Commenters who noted that the DSA’s actions were a part of the “dangerous mainstream rhetoric further fueling war” were promptly blocked.

The DSA-IC tweet linked to an October 27 article in Jacobin by Branko Marcetic titled, “With progressive members pulling their Ukraine letter, diplomacy is now a four-letter word.” The article correctly states that the decision to withdraw the letter was “dangerous at any time, let alone when nuclear tensions are high,” but does not even mention that four of the representatives who rescinded their signatures were members of the DSA.

The 24-hour reversal is not a break from the DSA’s track record. It is part and parcel of their longstanding role as a pro-imperialist faction of the imperialist Democratic Party.

In March, the DSA members in Congress voted unanimously to provide $40 billion in military aid to the Ukrainian government, including thousands of Stinger missiles, heavy artillery and equipment used by the neo-Nazi Azov Battalion in the war against Russia. The vote was a boon to the weapons manufacturers, which have seen their profits soar as a result of the war’s prolongation. Lockheed Martin CFO Jay Malave said at the time that he was “pleased” at the passage of the military spending bill.

The DSA has also promoted a pro-war Ukrainian group called “Sotsialnyi Rukh” (Social Movement), an organization whose leadership is comprised of individuals who work with the National Endowment for Democracy and the AFL-CIO’s Solidarity Center, both CIA-linked organizations with long histories of crushing working class resistance to American imperialism abroad. DSA members like Ashley Smith have repeatedly denounced left-wing opponents of the US/NATO-backed war, calling them “faux anti-imperialists” who wish to “betray Ukraine.”

But the pro-war role of the DSA did not emerge only recently. The DSA came out of a political tendency led by Max Shachtman, a leading member of the Communist Party youth movement in the 1920s who, alongside James P. Cannon, helped found the American section of the Left Opposition after supporters of Trotsky were expelled from the Communist Party in 1928.

However, Shachtman broke with the Trotskyist movement when the Second World War began in 1939-40, and he moved toward the adoption of pro-imperialist positions, breaking from his socialist past. In particular, Shachtman argued that the left must support “democratic” American imperialism in the Cold War against “authoritarian” Russia, which he claimed was no longer a workers’ state.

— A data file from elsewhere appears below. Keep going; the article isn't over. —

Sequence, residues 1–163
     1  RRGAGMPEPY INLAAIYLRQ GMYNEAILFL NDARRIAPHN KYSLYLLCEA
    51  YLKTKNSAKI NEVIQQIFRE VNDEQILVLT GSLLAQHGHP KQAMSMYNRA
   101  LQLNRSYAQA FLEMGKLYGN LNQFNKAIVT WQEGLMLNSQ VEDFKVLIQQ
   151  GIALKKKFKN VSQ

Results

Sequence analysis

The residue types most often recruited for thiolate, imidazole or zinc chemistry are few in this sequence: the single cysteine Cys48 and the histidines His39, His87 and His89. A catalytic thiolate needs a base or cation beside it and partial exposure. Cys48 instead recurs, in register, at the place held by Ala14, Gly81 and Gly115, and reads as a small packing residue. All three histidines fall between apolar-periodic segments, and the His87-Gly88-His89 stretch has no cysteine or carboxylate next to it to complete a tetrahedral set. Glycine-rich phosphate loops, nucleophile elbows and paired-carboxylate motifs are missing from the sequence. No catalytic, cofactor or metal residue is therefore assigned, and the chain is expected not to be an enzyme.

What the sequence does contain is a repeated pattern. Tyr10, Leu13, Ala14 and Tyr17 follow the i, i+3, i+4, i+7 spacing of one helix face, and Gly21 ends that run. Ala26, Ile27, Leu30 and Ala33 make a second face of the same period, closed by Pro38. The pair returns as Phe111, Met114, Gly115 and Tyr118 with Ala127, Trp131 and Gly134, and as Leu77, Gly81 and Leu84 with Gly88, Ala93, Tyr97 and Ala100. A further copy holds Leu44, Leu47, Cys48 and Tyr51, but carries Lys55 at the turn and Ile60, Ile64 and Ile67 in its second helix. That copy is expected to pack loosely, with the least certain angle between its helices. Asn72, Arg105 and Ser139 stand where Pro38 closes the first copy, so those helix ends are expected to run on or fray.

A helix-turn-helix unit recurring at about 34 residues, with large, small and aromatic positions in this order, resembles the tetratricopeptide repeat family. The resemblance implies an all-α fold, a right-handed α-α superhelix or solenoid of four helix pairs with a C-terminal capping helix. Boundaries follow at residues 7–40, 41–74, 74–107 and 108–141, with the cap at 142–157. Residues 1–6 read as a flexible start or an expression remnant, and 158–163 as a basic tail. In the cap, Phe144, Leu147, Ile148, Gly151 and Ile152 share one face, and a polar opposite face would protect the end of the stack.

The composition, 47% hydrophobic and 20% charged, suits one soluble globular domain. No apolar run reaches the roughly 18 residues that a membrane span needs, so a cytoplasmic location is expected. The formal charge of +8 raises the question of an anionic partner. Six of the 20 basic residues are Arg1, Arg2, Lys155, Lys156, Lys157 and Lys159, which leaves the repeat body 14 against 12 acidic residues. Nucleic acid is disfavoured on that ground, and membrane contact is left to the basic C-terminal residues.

Shachtman presented US imperialism’s brutal wars of the mid-20th century as justified by the need for “democratic” America to counter “communist aggression.” His articles supporting the Korean War were dropped in pamphlet form by American military planes over the Korean peninsula as propaganda. He supported the Kennedy administration’s invasion of Cuba in the Bay of Pigs, and he became a loud advocate of the Vietnam War.

Shachtman’s protégé, Michael Harrington, who would later found the DSA’s predecessor organization, the Democratic Socialists Organizing Committee, also presented US imperialism as a “democratic” counterweight to “authoritarian” Russia. He operated on the principle that the American left must play “a pro-American, Cold War, State Department kind of role,” according to historian Todd Gitlin.

At the time of the Vietnam War, Harrington belonged, as did Shachtman, to the Socialist Party. The SP, under the political influence of Shachtman, supported the US war and called for a defeat of the struggle of the Vietnamese people for independence from French and American imperialism.

For years, as American imperialism rained napalm and bombs on Vietnam, Harrington supported the SP majority line. He denounced the National Liberation Front as “communist” and “authoritarian” along the same lines as the Lyndon Johnson administration, which Harrington had served as a member of a domestic task force. In 1965, as the US was escalating the war, Harrington said, “I am anti-communist on principle because I am pro-freedom.”

However, as anti-war sentiment grew over the course of the 1960s, Harrington aimed to make the SP’s pro-war position more palatable. Harrington supporter Maurice Isserman writes in his biography The Other American that in the spring of 1967: